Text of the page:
Re: More discouraging news about helium.

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Posted by John Walker on April 16, 2001 at 18:57:59:

In Reply to: Re: More discouraging news about helium. posted by Steve on April 14, 2001 at 20:51:01:

Sorry to jump into this conversation a tad late but I just now stoped laughing (and crying) after reading Karls Shreeves article,The Trouble with Trimix. I rarely speak of technical diving on this list because I don't feel it needs to be of interest to most of you. But I also feel a need to speakout when I see something as dangerous and irresponsible as I feel this was. So I would like to quote a couple of lines from Karl with a couple of questions and comments. I also hope Karl can reply.

Karl: In training tek divers, many instructors prefer air/EANx so they can assist a student with depth contol problems and have less bubble trouble concerns.

Walker: Why not teach fundamental buoyancy and trim controlling skills before you take a tek student to such depths?

Karl: All-trimix proponents say narcosis creates a false sense of security, and it can in the untrained, unwary diver.

Walker: Does this mean that it does not create a false sense of security in a trained diver?

Karl: However, trimix also creates a false sense of security for thoughs who believe it will eliminate human error or who dismiss the added decompression risks.

Walker: Even if trimix reduces human error wouldn't that put more odds in the favor of a diver who is reducing narcosis by incorporating helium? There are also several decompression advantages that seem to be missing from Karls article like the lack of retainment is tissue, and the possibility of red blood cell rigidity. Not to mention the decrease of CO2 caused by restricted breathing from a diatomic gas such as notrogen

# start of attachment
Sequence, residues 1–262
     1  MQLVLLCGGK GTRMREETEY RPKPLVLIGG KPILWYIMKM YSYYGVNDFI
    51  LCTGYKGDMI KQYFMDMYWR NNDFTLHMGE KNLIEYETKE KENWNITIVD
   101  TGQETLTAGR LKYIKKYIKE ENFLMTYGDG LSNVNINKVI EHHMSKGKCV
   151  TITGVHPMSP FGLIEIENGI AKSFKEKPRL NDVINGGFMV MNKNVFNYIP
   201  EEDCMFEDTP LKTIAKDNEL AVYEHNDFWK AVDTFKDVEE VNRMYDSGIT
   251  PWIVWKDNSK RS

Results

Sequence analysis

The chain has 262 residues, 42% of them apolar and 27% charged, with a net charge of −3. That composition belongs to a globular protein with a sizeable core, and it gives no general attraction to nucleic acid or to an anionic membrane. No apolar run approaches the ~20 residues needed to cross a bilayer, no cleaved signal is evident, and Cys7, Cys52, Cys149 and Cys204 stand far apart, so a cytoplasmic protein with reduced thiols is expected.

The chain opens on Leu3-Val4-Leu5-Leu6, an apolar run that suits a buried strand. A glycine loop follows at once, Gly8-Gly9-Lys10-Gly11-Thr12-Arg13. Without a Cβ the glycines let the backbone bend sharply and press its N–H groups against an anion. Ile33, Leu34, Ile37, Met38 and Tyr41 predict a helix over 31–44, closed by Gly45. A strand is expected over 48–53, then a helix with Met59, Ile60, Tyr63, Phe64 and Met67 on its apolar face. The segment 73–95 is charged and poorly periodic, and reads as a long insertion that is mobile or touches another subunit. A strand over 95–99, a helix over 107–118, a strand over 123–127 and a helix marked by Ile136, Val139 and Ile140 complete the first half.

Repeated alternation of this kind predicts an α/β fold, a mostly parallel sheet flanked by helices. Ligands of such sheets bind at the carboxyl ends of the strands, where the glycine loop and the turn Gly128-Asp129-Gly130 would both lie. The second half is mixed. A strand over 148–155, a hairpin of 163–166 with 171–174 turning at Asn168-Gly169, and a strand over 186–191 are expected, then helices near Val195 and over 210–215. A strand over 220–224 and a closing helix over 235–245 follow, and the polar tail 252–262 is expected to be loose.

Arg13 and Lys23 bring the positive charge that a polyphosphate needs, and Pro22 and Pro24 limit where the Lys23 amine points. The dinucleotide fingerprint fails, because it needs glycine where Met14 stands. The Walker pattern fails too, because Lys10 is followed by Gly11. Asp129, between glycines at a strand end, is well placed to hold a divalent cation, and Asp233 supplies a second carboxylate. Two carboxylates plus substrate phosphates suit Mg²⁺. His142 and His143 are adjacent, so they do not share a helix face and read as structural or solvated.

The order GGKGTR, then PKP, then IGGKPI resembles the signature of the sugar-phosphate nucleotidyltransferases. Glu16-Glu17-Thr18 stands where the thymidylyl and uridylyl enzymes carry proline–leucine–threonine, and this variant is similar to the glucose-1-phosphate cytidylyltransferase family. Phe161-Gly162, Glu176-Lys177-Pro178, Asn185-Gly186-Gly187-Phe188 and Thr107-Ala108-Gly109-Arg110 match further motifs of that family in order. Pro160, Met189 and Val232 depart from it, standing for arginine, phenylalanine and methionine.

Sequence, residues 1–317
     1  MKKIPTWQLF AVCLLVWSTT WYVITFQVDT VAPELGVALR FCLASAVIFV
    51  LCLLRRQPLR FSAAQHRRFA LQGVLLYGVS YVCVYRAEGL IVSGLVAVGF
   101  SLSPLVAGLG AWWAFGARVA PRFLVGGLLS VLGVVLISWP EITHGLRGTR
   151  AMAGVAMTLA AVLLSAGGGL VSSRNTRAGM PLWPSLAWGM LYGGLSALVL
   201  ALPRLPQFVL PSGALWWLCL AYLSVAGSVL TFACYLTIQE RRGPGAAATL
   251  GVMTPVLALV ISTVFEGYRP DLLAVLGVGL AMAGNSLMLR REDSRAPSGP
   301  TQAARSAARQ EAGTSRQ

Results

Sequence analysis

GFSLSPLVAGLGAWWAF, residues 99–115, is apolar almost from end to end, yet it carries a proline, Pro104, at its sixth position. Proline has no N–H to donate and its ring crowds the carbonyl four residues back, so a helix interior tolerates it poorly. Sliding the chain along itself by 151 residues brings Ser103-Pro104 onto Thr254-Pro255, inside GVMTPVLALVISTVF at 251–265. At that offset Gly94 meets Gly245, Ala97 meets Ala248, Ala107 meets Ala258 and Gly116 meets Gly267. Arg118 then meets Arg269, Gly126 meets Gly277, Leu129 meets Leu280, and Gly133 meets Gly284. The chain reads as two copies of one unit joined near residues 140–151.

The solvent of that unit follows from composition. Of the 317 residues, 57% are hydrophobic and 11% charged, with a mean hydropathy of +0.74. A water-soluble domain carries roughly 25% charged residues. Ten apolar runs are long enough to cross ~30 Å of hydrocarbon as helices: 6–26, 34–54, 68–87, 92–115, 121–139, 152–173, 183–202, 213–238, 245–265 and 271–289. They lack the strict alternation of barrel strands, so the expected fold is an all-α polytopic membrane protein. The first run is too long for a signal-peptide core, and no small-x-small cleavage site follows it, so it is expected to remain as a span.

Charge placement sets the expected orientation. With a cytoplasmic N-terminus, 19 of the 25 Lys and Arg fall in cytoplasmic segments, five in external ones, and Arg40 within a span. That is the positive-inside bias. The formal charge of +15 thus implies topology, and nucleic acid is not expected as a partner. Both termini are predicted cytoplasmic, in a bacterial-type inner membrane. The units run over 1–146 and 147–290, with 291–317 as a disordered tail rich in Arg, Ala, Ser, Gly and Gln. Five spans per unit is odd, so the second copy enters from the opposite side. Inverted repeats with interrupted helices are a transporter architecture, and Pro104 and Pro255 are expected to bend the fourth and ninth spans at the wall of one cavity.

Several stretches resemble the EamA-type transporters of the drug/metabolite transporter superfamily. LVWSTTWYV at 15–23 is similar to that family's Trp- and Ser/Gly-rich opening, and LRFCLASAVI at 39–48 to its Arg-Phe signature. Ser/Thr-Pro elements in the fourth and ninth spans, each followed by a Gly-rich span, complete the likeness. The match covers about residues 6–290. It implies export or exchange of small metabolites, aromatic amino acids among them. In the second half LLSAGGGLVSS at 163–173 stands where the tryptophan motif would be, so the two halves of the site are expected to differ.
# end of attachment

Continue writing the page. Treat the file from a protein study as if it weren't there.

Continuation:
Karl: As mentioned, virtually the entire tek community agrees that overhead environments (cave or wreck) deeper than 130feet always call for trimix.

Walker: I was alway told that if you can not directlt ascend to the surface that it was concidered an overhead envionment. Why would we have to think any differently when it is not feasable to ascent beyond a decompression ceiling?

Karl: The wise diver uses the right tool for the job.

Walker: I would have to agree. And if a diver is going to venture into environments which increase their risk of survival, such a in a cave, wreck or deep, they will require the proper equipment, training and resources (such as helium and money)or they should NOT do the dive. No dive is worth your life.
If we train divers to do such dives with out the simple fundamentals, which are missing from all main stream training agencies then we should not be taking divers into such hazardous environments. Buoyancy issues need to be resolved before divers are hand held on these types of dives Karl. Safety has to come before profit. Not everyone need to become a tech diver. And if PADI is going to try to promote technical diving and is worried that they will loose customers because of the cost of doing it right by buying helium then they need to take a back seat before they kill someone.
PADI was apposing enriched air nitrox just a few years ago and now they are embracing it with a cute little catch phrase, tek diving. Is this because they saw a buck in it or are they truly interested in diver safety.
Our sport needs some changes. And the quality of training need to be picked up. If instructors and agencies can't train divers properly then their is no need for them. The greed from equipment manufacturers, retail store and agencies is killing divers. Please STOP!

John Walker

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